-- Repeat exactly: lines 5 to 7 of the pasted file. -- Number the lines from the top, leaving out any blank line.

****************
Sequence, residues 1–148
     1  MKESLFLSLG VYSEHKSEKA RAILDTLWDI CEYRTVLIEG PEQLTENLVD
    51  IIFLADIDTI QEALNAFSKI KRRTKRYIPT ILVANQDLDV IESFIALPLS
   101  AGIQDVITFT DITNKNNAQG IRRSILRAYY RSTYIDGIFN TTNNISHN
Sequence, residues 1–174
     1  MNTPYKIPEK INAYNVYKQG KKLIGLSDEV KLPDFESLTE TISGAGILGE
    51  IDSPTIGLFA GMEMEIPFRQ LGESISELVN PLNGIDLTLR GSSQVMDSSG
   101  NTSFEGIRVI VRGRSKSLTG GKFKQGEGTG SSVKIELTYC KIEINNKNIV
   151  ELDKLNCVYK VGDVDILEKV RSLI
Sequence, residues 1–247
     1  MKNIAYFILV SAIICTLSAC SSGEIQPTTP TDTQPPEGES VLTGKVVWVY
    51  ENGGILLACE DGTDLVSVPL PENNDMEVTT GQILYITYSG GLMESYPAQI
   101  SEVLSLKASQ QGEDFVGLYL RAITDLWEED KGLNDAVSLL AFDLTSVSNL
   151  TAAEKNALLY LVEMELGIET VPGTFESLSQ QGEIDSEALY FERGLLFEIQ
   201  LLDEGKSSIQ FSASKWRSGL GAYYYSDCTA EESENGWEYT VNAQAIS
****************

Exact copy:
Sequence, residues 1–174
     1  MNTPYKIPEK INAYNVYKQG KKLIGLSDEV KLPDFESLTE TISGAGILGE
    51  IDSPTIGLFA GMEMEIPFRQ LGESISELVN PLNGIDLTLR GSSQVMDSSG